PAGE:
Under the rotunda of Low, four of the biggest names in the fight against HIV/AIDS all voiced the opinion that the tide has turned in the struggle against the disease. The panelists featured Columbia’s own Wafaa El-Sadr, the director of International Center for AIDS Care and Treatment Programs and professor of epidemiology at the Mailman School of Public Health. Joining her was Anthony Fauci, Director of the National Institute of Allergy and Infectious Diseases, Eric Goosby, the United States Global AIDS coordinator in the Obama administration, and Michel Sidibé, the executive director of the Joint United Nations Progamme on HIV/AIDS.
The moderator Ray Suarez of PBS immediately inquired: What exactly changed that allows us to say we can achieve an AIDS free generation? Dr. Fauci claimed that we have all the scientific tools, but until now we had no idea that they worked. Dr. Saadr also added to this point; we have sufficient knowledge and many key scientific advances, we need to have a unifying effort. For the first time, the number of new HIV cases will be lower than the number of new patients receiving treatment. The trend suggests more people are becoming aware of their status and receiving treatment, a key step to containing viral spread.
Treatment whether antiretrovirals or prophylaxis, raises the question that seems to always arise in the HIV/AIDS debate: Which is better treatment or prevention? There are ardent supporters behind each side, but Thursday afternoon the theme of a unified effort arose again. Dr. Fauci said prevention requires behavioral change, something that can be demanding and difficult in the face of poverty and sexual stigmas. Dr. Sidibé also explained a regiment of pills are also challenging, as individuals often have to leave jobs and travel for more than half a day to get their medicine from local clinics. Yet, together, these two methods offer greater chance for success.
While there are significant improvements, there were also reminders of where efforts have stagnated. Dr. Saadr informed us that the rate of infections in the U.S. has not budged. Dr. Goosby emphasized that in order to lower infection rates, repetition is essential, on the national level and between patients and local healthcare providers. We can learn from how the personalization of programs to different cultures in Sub Saharan Africa has greatly improved program success. We know who is getting infected and in what general regions, with this information we can personalize treatment programs down to the level of the neighborhood, increasing the amount of access points for care. Social stigmas surrounding AIDS are also a big problem in rural communities where the central tenet of anonymity in healthcare is in jeopardy due to the community’s size.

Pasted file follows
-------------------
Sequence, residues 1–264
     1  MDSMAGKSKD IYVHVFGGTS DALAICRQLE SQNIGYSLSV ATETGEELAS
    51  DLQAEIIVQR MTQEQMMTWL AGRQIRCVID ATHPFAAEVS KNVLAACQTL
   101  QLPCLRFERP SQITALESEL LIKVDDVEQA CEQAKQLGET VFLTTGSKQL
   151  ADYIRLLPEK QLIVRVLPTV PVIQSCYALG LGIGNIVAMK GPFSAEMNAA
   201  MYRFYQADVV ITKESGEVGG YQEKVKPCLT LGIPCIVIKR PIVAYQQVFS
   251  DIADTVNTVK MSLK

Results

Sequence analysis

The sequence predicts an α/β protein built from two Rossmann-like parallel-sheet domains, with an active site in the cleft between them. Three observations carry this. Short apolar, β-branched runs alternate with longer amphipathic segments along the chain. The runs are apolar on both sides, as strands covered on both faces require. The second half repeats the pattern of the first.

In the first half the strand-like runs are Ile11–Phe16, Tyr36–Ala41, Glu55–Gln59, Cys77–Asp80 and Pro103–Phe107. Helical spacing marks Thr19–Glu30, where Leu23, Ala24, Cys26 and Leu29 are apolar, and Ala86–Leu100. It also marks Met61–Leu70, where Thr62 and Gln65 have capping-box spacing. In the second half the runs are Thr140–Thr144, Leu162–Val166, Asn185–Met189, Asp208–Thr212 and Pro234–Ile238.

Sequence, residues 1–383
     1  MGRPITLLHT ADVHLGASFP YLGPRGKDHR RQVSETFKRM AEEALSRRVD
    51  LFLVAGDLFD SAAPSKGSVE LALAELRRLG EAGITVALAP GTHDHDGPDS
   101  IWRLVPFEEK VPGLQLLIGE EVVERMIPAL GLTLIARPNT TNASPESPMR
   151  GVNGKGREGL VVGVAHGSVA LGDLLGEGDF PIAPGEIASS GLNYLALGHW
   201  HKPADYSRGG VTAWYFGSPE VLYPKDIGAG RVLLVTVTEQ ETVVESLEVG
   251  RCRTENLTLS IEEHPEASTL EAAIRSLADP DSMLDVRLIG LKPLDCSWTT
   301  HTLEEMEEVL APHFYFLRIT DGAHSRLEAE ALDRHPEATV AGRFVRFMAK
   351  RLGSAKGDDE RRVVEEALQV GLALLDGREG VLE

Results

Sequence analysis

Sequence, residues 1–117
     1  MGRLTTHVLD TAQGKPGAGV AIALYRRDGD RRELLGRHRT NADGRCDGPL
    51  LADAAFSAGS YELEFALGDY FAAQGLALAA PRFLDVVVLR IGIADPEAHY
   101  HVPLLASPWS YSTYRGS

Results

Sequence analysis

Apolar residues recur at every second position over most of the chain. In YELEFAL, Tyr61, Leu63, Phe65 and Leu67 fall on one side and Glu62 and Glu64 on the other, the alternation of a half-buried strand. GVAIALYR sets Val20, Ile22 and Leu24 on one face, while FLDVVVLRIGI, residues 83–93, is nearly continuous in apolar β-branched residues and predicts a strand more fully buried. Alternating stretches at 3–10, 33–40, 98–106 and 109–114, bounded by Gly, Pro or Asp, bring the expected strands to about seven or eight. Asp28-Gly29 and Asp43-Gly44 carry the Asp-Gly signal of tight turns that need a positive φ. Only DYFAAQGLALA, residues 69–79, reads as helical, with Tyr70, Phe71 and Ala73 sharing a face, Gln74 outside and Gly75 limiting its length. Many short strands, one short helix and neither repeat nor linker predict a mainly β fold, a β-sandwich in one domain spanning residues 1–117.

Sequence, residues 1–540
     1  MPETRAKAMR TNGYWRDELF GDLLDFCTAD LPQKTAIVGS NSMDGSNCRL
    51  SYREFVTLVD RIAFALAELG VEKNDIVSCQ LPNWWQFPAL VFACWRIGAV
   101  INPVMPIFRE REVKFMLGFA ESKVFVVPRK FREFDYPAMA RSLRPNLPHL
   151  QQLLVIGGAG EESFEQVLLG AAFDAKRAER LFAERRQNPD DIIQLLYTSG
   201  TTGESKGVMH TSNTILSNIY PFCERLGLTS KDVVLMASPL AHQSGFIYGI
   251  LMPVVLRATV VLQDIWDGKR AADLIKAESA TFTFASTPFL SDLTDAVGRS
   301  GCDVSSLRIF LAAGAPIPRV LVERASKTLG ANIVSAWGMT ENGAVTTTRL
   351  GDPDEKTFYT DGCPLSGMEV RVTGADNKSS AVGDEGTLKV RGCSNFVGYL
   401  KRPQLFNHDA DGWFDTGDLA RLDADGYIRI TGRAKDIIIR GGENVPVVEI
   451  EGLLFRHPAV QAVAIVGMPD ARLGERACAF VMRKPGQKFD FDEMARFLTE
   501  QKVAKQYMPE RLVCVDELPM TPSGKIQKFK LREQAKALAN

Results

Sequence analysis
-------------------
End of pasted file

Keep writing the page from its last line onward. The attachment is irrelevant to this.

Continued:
The optimism expressed should not overshadow the amount of work necessary to achieve an AIDS free generation. While we have many tools to work with, the challenge still remains to implement them at a local level. Running individualized programs to each community and managing the numerous organizations represents massive logistical problems. Dr. Sidibé also raised the important issue that much of this global health effort is funded by the U.S. In order to be self sufficient, African nations need to provide healthcare and fund their own initiatives in order to ensure long term success. For the short term, Dr. Goosby called for a diversification of the global AIDS resources to provide security in case one country experiences financial difficulties.